List of ADHD Symptoms & Treatments

List of ADHD SymptomsList of ADHD Symptoms:

  • Has difficulty paying close attention to details or makes careless mistakes on homework or tests.
  • Has difficulty sustaining attention in tasks or play activities.
  • Does not seem to listen when spoken to directly.
  • Does not follow through on instructions and fails to finish schoolwork.
  • Has difficulty organizing tasks.
  • Avoids schoolwork for long periods of time.
  • Often misplaces or loses assignments or books.
  • Becomes distracted easily.
  • Seems to be fidgeting all the time.
  • Has difficulty remaining seated.

ADHD Treatment, Strategies and Recommendations:

  • Suggest that your child write, scribble or even draw while reading. If your child enjoys writing, have her write while reading. Tell her not to get hung up on spelling or grammar here; she can even scribble. Encourage her to write down ideas in her own words This way she is always thinking about what she has to write. This helps her stay focused, and it helps her learn the material.
  • Tell your child to subvocalize. When he’s reading a book or reading his notes, encourage him to read out loud. If he is in a place where he can’t talk out loud, tell him to “mouth” the words silently. His brain will “hear them.” This will help him learn the material, and it will help him stay focused.
  • If appropriate, encourage your child to work in spurts with breaks. Encourage her to work in intervals of no more than 20 to 30 minutes at a time with ten-minute breaks in between. This will help her stay focused because as she is working, she’ll know there’s a break coming up. She needs to learn to treat herself well—after all, it’s hard for her to stay focused. Remind her to remind herself that when she is supposed to be working, she needs to stay on task. This means she needs to concentrate: think, read, write and talk.
  • ADHD behavior charts. Your doctor may suggest using a behavior chart. Be sure to design this with your child. Together come up with your goals. Ex. I will play after school until 5:00. Between 5:00 and 6:00 I will do my homework (be sure to include breaks as recommended above). I will eat dinner between…, etc. Have fun creating your chart together. Then set up your goals. Ex. Your child receives a star, a sticker, or a check mark, for each accomplishment. When he has received five of them, he gets a toy or whatever you have decided together would be an appropriate reward. ADHD children need immediate gratification, so give rewards often. If a child has to wait the whole week for a sticker or for the reward, you will most likely lose his attention and this strategy will not work.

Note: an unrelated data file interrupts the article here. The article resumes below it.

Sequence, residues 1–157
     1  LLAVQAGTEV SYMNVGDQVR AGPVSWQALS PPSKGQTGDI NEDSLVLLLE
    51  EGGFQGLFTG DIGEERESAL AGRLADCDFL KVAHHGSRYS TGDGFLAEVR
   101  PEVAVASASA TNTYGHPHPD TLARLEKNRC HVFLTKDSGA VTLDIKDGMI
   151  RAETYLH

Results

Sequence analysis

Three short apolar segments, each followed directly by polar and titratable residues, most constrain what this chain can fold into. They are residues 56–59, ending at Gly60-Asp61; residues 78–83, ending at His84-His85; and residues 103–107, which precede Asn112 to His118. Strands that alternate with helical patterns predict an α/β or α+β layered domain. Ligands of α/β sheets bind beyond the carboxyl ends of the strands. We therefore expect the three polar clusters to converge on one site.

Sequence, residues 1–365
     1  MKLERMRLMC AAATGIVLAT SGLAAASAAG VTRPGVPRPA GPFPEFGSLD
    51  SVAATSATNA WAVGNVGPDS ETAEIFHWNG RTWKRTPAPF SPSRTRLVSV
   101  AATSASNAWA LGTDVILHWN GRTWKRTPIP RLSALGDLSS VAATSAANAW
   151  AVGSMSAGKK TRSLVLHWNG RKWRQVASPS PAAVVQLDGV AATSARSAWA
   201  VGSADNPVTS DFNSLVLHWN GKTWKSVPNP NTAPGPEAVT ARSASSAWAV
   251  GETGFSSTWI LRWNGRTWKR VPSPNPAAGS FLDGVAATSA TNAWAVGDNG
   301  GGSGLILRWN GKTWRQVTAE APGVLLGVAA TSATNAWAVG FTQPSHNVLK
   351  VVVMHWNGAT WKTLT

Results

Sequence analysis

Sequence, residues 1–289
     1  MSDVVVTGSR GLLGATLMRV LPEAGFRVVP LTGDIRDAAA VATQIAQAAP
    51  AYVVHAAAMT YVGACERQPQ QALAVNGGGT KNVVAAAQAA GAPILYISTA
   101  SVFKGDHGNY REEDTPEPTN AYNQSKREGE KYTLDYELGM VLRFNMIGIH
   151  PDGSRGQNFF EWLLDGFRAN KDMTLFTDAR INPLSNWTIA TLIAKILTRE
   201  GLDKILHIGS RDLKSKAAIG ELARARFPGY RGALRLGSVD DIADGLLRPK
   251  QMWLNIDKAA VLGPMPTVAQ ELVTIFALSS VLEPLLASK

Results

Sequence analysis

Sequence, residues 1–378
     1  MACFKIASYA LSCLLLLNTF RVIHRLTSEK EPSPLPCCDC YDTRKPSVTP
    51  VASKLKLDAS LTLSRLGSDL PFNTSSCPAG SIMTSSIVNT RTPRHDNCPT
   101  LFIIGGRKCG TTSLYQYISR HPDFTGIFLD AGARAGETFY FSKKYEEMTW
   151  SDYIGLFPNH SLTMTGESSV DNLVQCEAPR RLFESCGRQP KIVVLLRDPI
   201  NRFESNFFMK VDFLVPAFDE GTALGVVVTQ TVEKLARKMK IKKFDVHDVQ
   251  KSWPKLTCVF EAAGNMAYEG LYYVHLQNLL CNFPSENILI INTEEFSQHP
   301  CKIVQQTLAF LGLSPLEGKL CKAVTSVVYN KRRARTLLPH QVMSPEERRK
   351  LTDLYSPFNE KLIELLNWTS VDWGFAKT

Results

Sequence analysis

• Use a timer. When doing homework, it may keep him on task and moving at a good pace. Be careful though, because some children become anxious about being timed. Also, for some, timers are too distracting.
  • Spread things out. Make it so he studies a little every day rather than a lot all at once. This way he will be more focused on a manageable amount of material every day. This will help prevent him from getting tired. It is difficult enough for children with ADD to stay focused; it is even harder when they become tired.
  • Think before you read. Before your child begins doing homework or reading a book, tell her to start thinking about what she will be learning by reading this chapter or paper. At this point it is a guess just to get her engaged. Then have her refine her guess by reading the title of the chapter and sub-headings, looking at the pictures and illustrations and reading the captions under them. Have her attempt to answer the questions at the end of the chapter before even reading it. By now her guess about what the chapter is about should be close. Even if it is not, thinking about what it is about will help her stay focused. This strategy takes a little getting use to, but once she gets the knack of it, she’ll be surprised how helpful it will be.
  • Stop and think while reading. While your child is reading the material, tell her to stop and ask herself what she just read, and to write down everything she can remember. If she can’t remember much, tell her to reread it and write down ideas as she goes along or draw pictures, graphs, charts—anything that will help stay focused and remember the information.
  • ADHD medications. If various strategies are not successful, and your child is still having difficulty staying focused, your physician may recommend medication. With the proper choice and dosage, the improvement can be amazing.
  • ADHD diet. Sometimes certain foods affect children in unpredictable ways. If you suspect diet might be an issue, consult your physician.

If you found this article useful, you’ll find a lot more useful information in our award winning book, Why Bad Grades Happen to Good Kids

Speak Your Mind